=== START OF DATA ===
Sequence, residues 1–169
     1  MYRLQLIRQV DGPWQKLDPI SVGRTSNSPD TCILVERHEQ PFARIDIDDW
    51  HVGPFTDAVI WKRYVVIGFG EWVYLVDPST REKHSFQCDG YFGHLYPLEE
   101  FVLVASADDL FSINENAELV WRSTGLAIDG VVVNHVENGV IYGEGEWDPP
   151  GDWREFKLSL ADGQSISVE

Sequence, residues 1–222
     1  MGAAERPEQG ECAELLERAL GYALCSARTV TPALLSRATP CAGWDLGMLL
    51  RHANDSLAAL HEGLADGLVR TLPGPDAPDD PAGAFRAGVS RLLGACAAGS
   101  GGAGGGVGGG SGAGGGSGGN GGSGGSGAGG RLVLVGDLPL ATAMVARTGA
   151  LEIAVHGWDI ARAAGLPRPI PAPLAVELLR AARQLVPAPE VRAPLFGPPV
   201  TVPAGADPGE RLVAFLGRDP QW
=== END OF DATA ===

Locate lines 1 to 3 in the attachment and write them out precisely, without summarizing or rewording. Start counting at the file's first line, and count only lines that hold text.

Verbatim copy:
Sequence, residues 1–169
     1  MYRLQLIRQV DGPWQKLDPI SVGRTSNSPD TCILVERHEQ PFARIDIDDW
    51  HVGPFTDAVI WKRYVVIGFG EWVYLVDPST REKHSFQCDG YFGHLYPLEE